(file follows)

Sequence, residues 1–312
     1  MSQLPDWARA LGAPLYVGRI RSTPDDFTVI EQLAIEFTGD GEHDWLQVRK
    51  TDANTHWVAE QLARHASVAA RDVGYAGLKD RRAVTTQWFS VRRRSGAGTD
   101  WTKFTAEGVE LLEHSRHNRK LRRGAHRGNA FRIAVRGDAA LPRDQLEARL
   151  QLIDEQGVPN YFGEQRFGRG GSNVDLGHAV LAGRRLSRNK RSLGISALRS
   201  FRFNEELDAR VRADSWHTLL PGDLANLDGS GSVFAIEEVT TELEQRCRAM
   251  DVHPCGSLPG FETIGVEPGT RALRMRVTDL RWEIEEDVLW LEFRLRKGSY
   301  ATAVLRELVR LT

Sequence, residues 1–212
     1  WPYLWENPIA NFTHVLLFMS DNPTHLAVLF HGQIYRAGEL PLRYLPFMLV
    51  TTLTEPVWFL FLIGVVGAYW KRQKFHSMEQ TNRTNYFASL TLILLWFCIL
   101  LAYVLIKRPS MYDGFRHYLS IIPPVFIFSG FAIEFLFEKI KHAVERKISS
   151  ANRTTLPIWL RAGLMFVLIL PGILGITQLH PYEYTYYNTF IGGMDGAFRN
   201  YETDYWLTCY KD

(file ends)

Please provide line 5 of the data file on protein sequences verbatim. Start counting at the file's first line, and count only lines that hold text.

   151  QLIDEQGVPN YFGEQRFGRG GSNVDLGHAV LAGRRLSRNK RSLGISALRS